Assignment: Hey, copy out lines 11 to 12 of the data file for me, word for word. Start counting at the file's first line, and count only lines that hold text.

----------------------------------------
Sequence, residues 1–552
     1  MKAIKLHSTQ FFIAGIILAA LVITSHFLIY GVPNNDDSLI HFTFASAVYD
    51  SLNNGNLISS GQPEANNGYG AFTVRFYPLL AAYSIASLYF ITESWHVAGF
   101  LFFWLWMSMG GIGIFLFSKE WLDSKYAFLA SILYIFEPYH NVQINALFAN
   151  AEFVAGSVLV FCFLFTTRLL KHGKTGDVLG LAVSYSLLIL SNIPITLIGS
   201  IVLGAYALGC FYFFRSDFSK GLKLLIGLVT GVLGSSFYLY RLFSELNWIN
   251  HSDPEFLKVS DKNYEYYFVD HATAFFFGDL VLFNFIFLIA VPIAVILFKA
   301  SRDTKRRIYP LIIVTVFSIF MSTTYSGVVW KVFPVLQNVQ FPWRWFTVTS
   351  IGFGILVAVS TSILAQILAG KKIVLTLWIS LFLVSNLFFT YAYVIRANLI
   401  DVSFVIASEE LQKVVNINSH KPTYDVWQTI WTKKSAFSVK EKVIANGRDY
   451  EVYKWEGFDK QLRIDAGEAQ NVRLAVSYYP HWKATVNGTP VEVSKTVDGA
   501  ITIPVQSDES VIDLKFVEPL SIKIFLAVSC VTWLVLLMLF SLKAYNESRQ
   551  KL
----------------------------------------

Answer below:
   451  EVYKWEGFDK QLRIDAGEAQ NVRLAVSYYP HWKATVNGTP VEVSKTVDGA
   501  ITIPVQSDES VIDLKFVEPL SIKIFLAVSC VTWLVLLMLF SLKAYNESRQ